What subjects for Hogarth on the narrow space of a couple of flag-stones ! How ravenous the craving which flashes from the eyes of that grey-haired woman, as she drags a slight, yellow-haired girl—perhaps her own child—to the gin-shop! The little girl follows in a dumb wooden way; but her small slight hand is shut with an anxious grasp, as though she feared to lose her weekly earnings—the wages, perhaps of hard work, or still harder beggary. She stumbles at the threshold, and almost falls over a couple of children t are crouching on the ground, shivering with cold, and waiting on their father within. The father comes, staggering and kicking the air, with manifest danger to his equilibrium, and cursing awfully. The kick was meant for his wife, a thin woman, with hollow yellow cheeks, whose long serpent-like curls are covered with an old silk bonnet, while her stockingless feet are contained in large slippers. She counts five copper pence in her bony hand, looks at her drunken husband, and at the fatal door, and at the costermonger’s cart in the middle of the street; and she counts her pence, and recounts them, and cannot come to the end of them, though they are but five. The large oysters in the dirty cart, too, excite her appetite. Which is it to be? the public-house or a lot of oysters? “Penny a lot, oysters!” shouts the man, as he moves his cart forward. A dozen greedy eyes watch his movements.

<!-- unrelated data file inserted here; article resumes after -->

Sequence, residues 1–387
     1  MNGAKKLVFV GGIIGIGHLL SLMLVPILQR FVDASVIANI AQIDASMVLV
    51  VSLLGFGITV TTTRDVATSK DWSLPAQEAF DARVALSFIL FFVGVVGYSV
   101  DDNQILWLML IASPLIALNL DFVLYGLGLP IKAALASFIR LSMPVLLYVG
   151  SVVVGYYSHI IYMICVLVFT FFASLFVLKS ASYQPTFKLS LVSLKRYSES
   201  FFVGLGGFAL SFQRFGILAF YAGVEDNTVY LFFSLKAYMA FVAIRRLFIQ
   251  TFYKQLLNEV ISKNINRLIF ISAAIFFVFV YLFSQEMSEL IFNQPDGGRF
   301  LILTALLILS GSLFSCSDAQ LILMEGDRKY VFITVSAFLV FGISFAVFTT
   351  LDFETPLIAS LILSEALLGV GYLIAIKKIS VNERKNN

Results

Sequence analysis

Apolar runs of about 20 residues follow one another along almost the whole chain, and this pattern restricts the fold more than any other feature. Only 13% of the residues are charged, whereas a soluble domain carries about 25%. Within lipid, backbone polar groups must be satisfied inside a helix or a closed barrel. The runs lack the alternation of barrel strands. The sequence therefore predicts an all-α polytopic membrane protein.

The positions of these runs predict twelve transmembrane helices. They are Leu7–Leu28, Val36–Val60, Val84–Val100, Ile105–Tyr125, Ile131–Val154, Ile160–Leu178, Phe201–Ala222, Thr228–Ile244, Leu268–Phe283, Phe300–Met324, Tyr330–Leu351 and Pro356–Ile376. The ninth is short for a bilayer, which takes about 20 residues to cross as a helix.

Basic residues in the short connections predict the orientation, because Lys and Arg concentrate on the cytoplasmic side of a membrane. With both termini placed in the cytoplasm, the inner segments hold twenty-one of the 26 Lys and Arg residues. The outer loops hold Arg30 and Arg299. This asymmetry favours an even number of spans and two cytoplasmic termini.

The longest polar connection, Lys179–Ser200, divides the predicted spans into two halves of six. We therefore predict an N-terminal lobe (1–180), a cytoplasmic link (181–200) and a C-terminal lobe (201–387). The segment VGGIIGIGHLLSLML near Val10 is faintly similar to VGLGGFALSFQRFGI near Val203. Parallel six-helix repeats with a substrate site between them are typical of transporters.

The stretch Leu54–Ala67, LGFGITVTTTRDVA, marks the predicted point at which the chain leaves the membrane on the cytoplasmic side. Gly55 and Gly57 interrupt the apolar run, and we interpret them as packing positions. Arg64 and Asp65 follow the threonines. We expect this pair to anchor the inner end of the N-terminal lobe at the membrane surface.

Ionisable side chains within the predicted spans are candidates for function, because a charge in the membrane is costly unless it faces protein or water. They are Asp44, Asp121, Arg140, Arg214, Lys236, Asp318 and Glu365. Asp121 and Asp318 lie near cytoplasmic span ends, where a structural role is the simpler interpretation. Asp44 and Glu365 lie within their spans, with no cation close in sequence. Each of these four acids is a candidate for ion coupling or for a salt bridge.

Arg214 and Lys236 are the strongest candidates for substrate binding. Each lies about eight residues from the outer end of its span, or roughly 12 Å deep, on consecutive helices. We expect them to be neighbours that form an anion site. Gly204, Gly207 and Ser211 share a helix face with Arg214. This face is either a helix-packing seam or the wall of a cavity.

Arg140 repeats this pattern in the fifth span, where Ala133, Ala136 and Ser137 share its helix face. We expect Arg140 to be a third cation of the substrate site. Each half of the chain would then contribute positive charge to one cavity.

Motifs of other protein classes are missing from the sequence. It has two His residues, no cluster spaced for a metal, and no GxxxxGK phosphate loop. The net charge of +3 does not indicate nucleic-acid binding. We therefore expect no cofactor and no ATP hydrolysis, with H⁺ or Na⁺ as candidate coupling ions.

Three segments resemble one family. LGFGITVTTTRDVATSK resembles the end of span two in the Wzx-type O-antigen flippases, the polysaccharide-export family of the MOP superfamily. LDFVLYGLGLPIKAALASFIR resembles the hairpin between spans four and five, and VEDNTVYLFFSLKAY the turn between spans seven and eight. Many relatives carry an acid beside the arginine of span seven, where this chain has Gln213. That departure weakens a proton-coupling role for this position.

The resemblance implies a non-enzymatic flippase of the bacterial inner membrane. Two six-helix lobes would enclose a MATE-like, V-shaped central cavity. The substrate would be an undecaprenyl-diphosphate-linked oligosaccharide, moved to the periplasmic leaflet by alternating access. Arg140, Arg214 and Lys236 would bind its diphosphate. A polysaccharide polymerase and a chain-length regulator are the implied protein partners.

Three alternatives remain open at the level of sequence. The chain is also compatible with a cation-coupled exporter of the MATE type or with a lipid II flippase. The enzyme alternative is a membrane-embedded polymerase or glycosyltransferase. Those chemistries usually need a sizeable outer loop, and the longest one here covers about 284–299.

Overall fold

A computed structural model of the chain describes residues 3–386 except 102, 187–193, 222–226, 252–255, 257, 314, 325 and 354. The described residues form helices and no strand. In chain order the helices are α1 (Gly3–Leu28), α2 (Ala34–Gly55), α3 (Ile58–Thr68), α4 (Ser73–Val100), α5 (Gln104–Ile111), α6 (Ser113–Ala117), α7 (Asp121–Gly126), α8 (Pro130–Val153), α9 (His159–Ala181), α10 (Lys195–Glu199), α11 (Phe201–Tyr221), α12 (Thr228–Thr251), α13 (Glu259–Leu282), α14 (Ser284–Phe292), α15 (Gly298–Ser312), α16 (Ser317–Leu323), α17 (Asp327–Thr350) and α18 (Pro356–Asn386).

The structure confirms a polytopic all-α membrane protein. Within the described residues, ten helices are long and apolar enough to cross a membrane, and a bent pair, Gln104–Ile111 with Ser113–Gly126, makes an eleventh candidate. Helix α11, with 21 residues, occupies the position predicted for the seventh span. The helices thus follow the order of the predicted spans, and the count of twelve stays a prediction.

Similar groups are met with at every step. At the door of almost every gin-shop you see drunken women, many of them with children in their arms; and wherever you go, amidst the confused noise and murmur of many voices, you hear distinctly the most awful oaths. It is not at all necessary to quote those oaths. Let it suffice, that one of them, beginning with a B, startled Dr. Keif’s ears a hundred times at least in his walk through Drury-lane. 
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    The fog has vanished in Drury-lane; for about midnight the London sky is usually clear; the moon looks out from behind the steeple of St. Mary’s church in the Strand, and at each street-corner stands a policeman, he being on the look-out. The progress of the two friends is stopped by a dense crowd, surrounding a couple of Irish women, who are settling a little “difficulty” of their own. Ragged little boys stand in dangerous proximity, urging them on, and making very laudable exertions to procure for the street the gratification of a “real fight,” for hitherto the two Amazons have used their -tongues rather than their fists, and indulged in an interchange of epithets beginnning with b and ending with ~ and repeated with extreme volubility an incredible number of times.